Just before 4:00, they take this out. This is a fine version of “Equipoise,” but something still hasn’t quite clicked with the tune. The group sounds alright, but the song never really builds its momentum here. The melodica doesn’t quite work (to my ears) for the melody; the melodica and sax playing in unison are kind of a missed opportunity when compared with the back and forth between trumpet and sax in the version from Max Roach’s album above.
But hey, these are just my opinions, your mileage may vary.
Stanley Cowell’s “Equipoise”, Musa Ancestral Streams (1973)
The first time that “Equipoise” showed up on an album led by Cowell was in 1973 on Musa Ancestral Streams (one of only two Cowell-led albums released on Strata-East). Cowell is not only the leader on this album, he has the stage to himself on this solo piano album.
On this version, Cowell seems to have really found the driving force of the tune as this performance really clicks (to my ears, anyway, this is a fuller performance of the song than the two versions above).
After playing through the tune’s head, Cowell starts an improvised section at about 1:10 while keeping the tune’s structure intact. It’s beautiful stuff, not overly busy, and Cowell returns to reprise the tune’s head at about 2:10. Cowell’s left and right hands alternate on the melody here, similar to the trumpet and sax from the version on Members, Don’t Git Weary.
At about 3:20, Cowell adds a brief coda to the end of the tune, then brings it to a close. (For the beatheads: The Pharcyde used this one on “On the DL”.)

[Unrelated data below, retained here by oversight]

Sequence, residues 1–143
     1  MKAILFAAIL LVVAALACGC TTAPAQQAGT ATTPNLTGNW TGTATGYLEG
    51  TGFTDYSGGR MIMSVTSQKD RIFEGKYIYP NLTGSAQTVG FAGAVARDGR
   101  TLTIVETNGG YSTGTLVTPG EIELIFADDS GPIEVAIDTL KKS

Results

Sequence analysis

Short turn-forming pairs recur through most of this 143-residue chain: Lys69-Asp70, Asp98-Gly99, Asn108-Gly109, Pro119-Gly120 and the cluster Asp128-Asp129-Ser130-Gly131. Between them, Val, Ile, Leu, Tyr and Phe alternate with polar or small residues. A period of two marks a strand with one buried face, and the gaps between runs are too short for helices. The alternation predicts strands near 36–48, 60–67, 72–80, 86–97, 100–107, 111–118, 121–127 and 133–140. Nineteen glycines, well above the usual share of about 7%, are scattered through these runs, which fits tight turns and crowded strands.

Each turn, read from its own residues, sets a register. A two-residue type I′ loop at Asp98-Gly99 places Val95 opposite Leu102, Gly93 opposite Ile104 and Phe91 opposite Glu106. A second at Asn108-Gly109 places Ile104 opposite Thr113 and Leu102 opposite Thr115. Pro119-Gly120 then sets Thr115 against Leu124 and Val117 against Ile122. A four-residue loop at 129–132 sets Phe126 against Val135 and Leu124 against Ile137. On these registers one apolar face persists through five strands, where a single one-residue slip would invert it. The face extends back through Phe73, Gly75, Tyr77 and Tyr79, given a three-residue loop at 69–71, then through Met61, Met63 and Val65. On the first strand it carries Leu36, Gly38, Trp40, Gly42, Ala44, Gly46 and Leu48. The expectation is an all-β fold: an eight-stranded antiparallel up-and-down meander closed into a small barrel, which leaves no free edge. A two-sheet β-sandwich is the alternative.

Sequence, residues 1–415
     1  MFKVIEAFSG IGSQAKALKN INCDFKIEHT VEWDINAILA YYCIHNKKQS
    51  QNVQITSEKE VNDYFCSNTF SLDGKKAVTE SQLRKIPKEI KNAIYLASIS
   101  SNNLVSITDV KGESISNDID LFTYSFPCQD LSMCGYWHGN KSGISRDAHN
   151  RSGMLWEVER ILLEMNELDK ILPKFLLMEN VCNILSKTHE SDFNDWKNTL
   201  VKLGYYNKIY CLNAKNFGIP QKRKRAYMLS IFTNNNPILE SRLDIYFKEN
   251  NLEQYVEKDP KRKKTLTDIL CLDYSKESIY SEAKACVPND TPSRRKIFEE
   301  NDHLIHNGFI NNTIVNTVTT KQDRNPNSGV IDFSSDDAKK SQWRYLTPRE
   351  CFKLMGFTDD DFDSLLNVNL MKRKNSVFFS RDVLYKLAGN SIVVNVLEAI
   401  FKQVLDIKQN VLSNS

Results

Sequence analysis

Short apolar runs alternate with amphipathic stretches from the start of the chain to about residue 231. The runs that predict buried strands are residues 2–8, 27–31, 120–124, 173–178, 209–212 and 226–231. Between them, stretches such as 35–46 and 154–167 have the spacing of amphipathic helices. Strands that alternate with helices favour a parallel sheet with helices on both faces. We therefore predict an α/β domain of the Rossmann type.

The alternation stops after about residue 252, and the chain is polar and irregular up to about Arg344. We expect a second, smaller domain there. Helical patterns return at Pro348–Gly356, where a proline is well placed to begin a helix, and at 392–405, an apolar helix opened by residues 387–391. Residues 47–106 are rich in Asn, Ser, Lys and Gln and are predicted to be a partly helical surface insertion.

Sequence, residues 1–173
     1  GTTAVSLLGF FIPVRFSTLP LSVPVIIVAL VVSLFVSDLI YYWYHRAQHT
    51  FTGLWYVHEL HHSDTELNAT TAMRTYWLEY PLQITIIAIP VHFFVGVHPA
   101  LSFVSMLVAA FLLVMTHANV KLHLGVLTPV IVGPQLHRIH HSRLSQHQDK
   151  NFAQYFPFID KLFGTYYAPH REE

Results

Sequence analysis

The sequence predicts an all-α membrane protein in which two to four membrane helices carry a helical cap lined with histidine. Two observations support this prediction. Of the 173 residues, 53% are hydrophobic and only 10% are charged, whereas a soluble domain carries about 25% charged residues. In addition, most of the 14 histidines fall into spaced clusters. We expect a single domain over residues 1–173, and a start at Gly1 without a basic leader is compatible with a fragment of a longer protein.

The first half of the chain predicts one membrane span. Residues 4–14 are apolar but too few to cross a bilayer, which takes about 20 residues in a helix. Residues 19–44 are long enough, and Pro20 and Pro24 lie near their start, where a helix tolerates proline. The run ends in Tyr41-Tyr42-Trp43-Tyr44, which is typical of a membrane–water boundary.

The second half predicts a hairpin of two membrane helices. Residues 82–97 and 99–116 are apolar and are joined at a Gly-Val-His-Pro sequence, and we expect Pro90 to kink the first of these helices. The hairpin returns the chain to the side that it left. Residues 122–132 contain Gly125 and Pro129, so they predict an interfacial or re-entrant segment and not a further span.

On this version, “Equipoise” feels like it has found its feet and is a more fully realized tune – a very enjoyable solo piano version of this tune here. Cowell has continued to explore the possibilities of “Equipoise” as a solo piano piece – check out his 1981 appearance on Marian McPartland’s Piano Jazz, for instance (in fact, definitely do check that out, both for an excellent verison of “Equipoise” and a pretty wild version of Monk’s “‘Round Midnight”).
Stanley Cowell’s “Equipoise”, Equipoise (1978)
Cowell released another session as leader in 1978, and here he not only brought “Equipoise” to the session, but named the album after the song.
Cowell was joined on Equipoise by Cecil McBee on bass and Roy Haynes on drums (back from The DeJohnette Complex, above; I’ll also mention here that Haynes did a killing version of “Equipoise” on his own Equipoise album from 1971, the first version that to my ears sounds like the tune it would later become, and again on his 2011 album Roy-Alty – notably, neither of these versions includes Cowell at the keyboard).
This version opens with Cowell and McBee starting out the head over some subtle drums from Haynes. The head cycles back on itself around 0:30 or so, and after a second time through the head, Cowell takes a piano solo starting around 1:00. It’s a beautiful solo, and they hit on a nice groove around 1:40, taking the momentum and moving with it – by 2:15, they’re grooving along mightily.
They bring things back down, though for a bass solo from McBee that starts around 2:30. Haynes’ subtle drumming is great on this, able to bring the hard groove during Cowell’s solo and also able to lay back and fill in the spaces during McBee’s bass solo almost like hand percussion in places.
At 4:10, they return to the tune’s head after a 3-note opener from Cowell’s piano. They play through the head again, with Cowell very high up on the piano, then bring this to a close.
In its first appearance with a Cowell-led group, “Equipoise” is a great tune and a fine vehicle for Cowell’s and McBee’s improvisations. Roy Haynes’ drumming is excellent, but not at all overstated; he has found a good place on this tune.